Thursday, September 16, 2010

When to bid a slam

I often hear players saying something like "if it were IMPs, I'd bid the slam" or "if it were matchpoints, I'd bid it".  In fact, Marty Bergen's September column in the Bridge Bulletin quotes people saying the former sentiment.  This reasoning doesn't directly follow from the scoring table, but I think I can understand the logic behind it.  Let's do the math.

In theory at matchpoints, that's to say when you are playing against your peers, making any bid will be right if it gains 51% or more of the time and wrong if it gains in 49% or fewer cases.  If you make the bid and the resulting contract is on a pure finesse, then you'll break even in the long run.  Therefore, you want your slam to be better than 50% to be right.

At IMPs, again assuming you are playing against your peers, a slam is theoretically also a 50-50 proposition.  If you're right (bidding/not bidding as appropriate), you gain 11 imps not vulnerable and 13 imps vulnerable.  If you're wrong, you lose 11 or 13 imps respectively.

So there's no difference in the form of scoring as far as bidding slams, right?

Well, not quite.  If you're not playing against your peers (let's say you're a good player at a daytime bridge game), you may get a good board just by making 12 tricks when the others only gather 10 or 11 tricks.  You don't need to risk going down in slam under such circumstances.  Let's say you're contemplating bidding 6NT (no good fit having been found).  Weaker players are notoriously bad at taking all their tricks in notrump contracts, so just making 12 tricks is likely to get you 8 (or 9) out of 11 points.  That's a decent result.  Thus bidding the slam risks 8 to gain only 3.  The argument is weaker when there is a good major suit fit and lots of points because many pairs are likely to bid slam and if it's there, most will make 12 tricks.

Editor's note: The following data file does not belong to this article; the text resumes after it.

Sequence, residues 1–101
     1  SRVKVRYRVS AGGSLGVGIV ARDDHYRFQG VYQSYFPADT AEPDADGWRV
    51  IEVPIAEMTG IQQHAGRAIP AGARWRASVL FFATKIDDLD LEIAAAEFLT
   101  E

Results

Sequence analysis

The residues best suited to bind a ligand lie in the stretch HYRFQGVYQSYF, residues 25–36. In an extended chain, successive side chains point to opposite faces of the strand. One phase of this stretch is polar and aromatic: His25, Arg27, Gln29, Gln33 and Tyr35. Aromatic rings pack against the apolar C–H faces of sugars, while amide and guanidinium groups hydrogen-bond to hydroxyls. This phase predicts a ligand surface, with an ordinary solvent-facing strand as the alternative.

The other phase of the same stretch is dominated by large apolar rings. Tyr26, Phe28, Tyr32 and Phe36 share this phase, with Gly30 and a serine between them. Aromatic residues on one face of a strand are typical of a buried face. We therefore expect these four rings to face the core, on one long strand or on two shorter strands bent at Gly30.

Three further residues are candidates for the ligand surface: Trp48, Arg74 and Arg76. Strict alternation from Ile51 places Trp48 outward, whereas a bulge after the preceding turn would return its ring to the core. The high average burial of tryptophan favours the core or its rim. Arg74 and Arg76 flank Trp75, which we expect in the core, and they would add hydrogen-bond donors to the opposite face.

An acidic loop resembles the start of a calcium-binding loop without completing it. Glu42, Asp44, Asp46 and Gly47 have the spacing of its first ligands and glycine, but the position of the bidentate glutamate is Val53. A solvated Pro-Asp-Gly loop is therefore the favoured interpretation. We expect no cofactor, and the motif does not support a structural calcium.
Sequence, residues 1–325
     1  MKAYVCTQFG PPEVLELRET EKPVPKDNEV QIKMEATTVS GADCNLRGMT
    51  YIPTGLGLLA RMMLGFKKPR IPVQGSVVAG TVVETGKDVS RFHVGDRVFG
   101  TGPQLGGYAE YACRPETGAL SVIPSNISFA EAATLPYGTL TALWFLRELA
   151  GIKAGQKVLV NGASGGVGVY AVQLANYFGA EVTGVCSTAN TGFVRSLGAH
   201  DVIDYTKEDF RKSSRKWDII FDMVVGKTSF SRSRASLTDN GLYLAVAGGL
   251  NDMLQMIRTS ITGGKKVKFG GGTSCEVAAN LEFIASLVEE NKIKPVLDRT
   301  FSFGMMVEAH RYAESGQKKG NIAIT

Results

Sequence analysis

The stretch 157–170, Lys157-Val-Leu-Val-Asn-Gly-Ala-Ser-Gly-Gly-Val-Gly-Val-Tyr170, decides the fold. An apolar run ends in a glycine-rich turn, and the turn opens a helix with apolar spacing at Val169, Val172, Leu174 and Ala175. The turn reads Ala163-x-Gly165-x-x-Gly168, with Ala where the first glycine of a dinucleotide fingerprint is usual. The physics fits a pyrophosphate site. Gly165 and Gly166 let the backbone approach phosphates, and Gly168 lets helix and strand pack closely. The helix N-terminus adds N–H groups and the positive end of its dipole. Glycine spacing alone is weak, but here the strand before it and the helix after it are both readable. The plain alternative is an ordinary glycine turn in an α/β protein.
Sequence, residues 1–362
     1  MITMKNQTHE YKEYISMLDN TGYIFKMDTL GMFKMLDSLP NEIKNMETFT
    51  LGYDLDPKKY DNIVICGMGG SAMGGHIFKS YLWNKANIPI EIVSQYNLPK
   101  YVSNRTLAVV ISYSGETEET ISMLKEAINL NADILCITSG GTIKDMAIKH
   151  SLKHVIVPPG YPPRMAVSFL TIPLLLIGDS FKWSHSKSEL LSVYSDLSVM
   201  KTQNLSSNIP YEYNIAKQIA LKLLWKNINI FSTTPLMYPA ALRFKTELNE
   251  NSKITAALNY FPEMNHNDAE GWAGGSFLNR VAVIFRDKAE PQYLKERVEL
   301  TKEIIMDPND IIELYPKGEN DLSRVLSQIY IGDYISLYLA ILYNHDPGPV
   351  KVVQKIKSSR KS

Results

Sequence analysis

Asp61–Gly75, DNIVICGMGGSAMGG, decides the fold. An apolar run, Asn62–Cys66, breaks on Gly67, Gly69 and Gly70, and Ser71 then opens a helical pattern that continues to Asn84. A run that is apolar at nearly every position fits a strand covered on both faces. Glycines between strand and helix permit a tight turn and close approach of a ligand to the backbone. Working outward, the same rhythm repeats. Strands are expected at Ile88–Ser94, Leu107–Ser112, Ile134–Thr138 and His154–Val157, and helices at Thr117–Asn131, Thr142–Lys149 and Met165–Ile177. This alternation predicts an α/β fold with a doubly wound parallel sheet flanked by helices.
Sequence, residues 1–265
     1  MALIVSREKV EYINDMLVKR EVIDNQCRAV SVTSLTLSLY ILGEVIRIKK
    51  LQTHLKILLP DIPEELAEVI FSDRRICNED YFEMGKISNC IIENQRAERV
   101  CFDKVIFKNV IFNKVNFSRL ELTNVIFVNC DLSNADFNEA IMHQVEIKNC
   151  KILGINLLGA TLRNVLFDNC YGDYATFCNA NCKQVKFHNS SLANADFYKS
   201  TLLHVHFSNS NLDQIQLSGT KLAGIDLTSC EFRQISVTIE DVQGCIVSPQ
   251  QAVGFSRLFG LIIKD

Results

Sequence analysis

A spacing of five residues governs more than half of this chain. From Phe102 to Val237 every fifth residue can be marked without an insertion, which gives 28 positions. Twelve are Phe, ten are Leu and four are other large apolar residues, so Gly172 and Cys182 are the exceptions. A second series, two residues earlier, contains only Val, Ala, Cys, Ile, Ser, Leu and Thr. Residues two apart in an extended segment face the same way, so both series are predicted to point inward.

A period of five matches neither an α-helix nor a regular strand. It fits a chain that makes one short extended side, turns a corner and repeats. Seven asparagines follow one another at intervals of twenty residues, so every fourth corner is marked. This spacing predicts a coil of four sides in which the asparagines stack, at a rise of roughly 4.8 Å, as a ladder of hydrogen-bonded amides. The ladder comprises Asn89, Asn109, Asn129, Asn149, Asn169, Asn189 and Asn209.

What about at IMPs?  Going back to our hypothetical 6NT.  You will likely gain only 1 or, at most, 2 imps by your superior declarer play.  Not nearly so compelling.  Thus there's a little more incentive to actually bid the slam.  Even so, against weaker declarers, you are risking 11 (13) to gain only 10 (12).

And what about grand slams?  At matchpoints, we theoretically need the same 50% when playing against our peers.  But again, just taking 13 tricks may be good enough against weaker players.  Especially since some of those players won't even be in a small slam and so bidding and making 6 with an overtrick is likely to be a very good score, perhaps 10 out of 11.  In other words, you will be risking 10 mps to gain 1.  Not good odds!

The gain for bidding and making a grand at IMPs is essentially the same as for a small slam: 13 or 11 imps, depending on vulnerability.  However, the risks are greater.  If you're wrong (and the small slam is making), you are losing 17 or 14 imps depending on vulnerability.  Thus the probability you need is either 56.7% (vul) or 56% (n-v).  These are the figures when you are playing your peers.  The odds are even less in favor of bidding when you are playing a weaker team.  They might not even get to the small slam at the other table!

In this case, by stopping in six, you were already gaining 11 or 13 imps.  The extra grand slam bonus would amount to only a net gain of 3 or 4.  The risk is admittedly slightly less now: 11 or 13, as in the case where you were deciding on slam versus game.  So, playing the weaker team, you risk 11 (or 13) to gain 3 (or 4).  Now you need cards that give you a probability of at least 78.6% (n-v) or 76.5% (vul).  That's why you shouldn't bid a grand unless you can count 13 tricks.  And why the late great Barry Crane expressly forbade his teammates to bid grand slams. 

So, in conclusion, I suppose there are hands where, at the club, you'd bid a slam at IMPs where you wouldn't at MPs.  But at the Life Master Pairs (or equivalent), the small slam odds really are 50-50 at either form of scoring.

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